EAG Sponsored student Fernanda Torres García reports back from the 6th EGU Summer School
Owing to the COVID-pandemic the EGU Summer School last took place in 2019, so once I learned that it was going to be organised again in the summer of 2023, I started preparing my field gear! The Summer School was held in Brunico (Italy) and consisted of a workshop which integrated field-based observations of magmatic rocks and deformation processes with lectures. The field-based part of the Summer School took place on the extraordinary well-exposed Nevessee area, where glacially polished exposures are incredible and provide a natural laboratory for field training to study petrogenetic and deformation processes. The area hosts an impressive variety of mesoscale structures, with notable examples of multiphase magmatic intrusion, magma mingling structures, localization of ductile shear zones and their interaction.
Attending the EGU Summer School was an amazing experience for me in several ways. We spent the first days looking at field evidence for the timing relationships between the different intrusions, the role of fluids during ductile deformation, and the kinematic relationships between the different structural element of the deformation network (shear zones and veins). We were very encouraged to make observations and engage in scientific discussions with the professors and other students. The following days of lectures included topics such as finite element and numerical modelling, fluid-rock interaction, geochemical processes on strain localization, mechanisms of formation of crystallographic preferred orientation in Earth’s materials and structural data analysis from photogrammetric outcrop models. We had the opportunity not only to learn how to better describe and characterize heterogeneously deformed magmatic rocks, but also how to apply micro-analytical techniques of quantitative structural analysis, and how to couple these techniques with the micro-geochemistry, petrology, and geochronology.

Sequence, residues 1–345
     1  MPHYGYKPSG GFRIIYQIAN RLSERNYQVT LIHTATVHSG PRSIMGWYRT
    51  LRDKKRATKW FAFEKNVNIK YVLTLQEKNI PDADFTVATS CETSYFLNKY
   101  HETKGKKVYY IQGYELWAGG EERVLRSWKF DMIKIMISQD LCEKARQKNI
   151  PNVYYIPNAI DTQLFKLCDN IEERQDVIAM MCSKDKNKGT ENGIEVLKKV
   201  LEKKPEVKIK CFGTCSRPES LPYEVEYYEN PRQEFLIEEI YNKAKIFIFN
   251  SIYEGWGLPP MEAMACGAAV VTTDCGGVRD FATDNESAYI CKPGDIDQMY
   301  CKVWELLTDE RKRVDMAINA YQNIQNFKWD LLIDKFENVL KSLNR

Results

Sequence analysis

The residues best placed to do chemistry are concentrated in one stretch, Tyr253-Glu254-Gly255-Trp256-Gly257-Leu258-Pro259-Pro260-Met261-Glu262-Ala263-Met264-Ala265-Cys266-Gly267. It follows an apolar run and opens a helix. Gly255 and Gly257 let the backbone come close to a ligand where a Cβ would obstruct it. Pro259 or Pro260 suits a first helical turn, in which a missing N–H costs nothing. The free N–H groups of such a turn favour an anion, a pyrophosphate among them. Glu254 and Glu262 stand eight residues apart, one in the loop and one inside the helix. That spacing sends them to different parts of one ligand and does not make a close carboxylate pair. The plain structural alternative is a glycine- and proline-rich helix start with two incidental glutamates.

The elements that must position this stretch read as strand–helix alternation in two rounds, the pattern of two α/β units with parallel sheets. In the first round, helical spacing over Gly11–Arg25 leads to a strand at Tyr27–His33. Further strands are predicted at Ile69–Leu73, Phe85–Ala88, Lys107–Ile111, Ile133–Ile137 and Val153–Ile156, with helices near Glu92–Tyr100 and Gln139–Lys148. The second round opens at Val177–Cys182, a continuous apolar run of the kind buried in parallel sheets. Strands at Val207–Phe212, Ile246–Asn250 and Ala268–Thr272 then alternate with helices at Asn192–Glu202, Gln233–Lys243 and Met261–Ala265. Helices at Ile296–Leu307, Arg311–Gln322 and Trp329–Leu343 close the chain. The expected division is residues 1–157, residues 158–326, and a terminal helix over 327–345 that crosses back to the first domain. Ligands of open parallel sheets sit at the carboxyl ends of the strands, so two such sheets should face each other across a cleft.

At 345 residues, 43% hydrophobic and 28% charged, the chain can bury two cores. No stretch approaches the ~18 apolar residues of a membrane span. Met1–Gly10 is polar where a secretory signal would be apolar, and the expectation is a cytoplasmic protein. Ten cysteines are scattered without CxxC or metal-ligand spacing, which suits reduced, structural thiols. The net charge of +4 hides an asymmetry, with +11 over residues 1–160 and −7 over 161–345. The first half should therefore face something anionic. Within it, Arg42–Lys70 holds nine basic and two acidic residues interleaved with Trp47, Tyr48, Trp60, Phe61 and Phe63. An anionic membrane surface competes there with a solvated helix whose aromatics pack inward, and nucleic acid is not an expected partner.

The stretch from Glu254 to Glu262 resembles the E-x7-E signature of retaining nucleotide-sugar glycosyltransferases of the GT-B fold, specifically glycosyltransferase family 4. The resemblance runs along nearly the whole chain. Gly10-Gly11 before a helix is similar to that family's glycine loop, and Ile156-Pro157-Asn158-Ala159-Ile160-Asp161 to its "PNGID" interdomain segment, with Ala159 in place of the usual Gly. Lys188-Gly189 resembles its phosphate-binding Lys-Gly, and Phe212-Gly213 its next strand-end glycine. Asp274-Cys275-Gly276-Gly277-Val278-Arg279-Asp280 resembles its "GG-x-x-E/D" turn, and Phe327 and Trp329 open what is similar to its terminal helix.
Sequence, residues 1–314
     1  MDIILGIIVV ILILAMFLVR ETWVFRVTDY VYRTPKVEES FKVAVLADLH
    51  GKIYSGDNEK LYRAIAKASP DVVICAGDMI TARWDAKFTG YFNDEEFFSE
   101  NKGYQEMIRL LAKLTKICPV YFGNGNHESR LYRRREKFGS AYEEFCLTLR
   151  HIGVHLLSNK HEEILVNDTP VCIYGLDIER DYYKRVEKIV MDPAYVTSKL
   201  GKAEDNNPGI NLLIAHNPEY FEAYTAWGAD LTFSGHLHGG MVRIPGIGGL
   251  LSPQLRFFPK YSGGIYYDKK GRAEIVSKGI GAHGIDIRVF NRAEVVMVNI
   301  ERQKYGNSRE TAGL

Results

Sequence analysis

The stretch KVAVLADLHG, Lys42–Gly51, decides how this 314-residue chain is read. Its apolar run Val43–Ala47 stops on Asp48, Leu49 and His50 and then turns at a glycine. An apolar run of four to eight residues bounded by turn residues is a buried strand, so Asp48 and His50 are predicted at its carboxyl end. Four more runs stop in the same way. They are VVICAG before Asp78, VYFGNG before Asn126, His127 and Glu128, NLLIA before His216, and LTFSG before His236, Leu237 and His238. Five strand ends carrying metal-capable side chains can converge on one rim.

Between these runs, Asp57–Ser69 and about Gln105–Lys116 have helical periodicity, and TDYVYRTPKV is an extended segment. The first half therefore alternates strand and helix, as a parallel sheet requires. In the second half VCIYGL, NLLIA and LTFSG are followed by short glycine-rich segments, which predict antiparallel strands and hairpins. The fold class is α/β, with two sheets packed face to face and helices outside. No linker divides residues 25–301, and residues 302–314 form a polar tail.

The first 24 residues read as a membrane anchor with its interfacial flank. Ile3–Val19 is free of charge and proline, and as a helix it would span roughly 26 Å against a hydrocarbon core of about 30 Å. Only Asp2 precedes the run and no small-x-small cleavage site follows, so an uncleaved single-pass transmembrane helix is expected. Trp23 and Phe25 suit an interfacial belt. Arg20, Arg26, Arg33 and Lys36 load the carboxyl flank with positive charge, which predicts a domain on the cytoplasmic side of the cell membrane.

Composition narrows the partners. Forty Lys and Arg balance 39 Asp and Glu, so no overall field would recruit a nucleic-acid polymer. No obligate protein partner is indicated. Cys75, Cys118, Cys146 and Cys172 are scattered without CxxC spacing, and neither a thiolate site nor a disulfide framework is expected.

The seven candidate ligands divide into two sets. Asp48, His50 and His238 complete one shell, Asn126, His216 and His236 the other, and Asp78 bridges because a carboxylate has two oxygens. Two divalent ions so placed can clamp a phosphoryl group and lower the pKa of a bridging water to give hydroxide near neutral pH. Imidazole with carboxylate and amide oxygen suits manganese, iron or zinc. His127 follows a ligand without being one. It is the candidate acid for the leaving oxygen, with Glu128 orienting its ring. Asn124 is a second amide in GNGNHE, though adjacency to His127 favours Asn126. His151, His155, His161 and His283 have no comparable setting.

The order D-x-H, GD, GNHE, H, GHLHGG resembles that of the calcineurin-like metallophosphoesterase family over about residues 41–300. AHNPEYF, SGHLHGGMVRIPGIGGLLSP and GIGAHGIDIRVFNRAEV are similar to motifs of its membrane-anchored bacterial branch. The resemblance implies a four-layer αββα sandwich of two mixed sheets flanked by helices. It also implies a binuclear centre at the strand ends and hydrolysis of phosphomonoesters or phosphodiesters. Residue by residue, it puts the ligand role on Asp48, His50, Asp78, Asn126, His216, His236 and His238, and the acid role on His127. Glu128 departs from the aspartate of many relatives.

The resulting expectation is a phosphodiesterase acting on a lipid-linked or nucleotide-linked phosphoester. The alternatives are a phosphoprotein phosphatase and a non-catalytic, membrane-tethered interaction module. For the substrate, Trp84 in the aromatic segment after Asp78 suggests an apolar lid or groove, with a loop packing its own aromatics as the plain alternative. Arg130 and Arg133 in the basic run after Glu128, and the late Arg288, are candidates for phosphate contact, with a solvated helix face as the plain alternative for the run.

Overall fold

We were also encouraged to present our research and projects in informal poster sessions after the lectures. Through my attendance at the Summer School I was able to expand my network, improve my presentation skills and effectively share my research and receive feedback on it. This was very inspiring and gave me confidence in my own research and capabilities. It was also an excellent opportunity to meet researchers from different backgrounds and at different stages of their academic career.
It is not every day that you are you fortunate enough to hike up the Italian Alps, stay in a mountain hut and learn from experts in different fields. I would like to thank the EAG student sponsorship bursary for giving me the opportunity to attend the Sixth EGU Summer School, which would have not been possible otherwise. Thank you for supporting this astounding adventure! The combination of geology and hiking in the Alps was a unique and enriching personal experience.
As advice for my fellow PhD colleagues planning to attend the next edition of the EGU summer school, if possible, you should definitely go. As for every field, I suggest preparing for the all the seasons, as weather changes rapidly in the mountains and enjoy the amazing views of the Alps!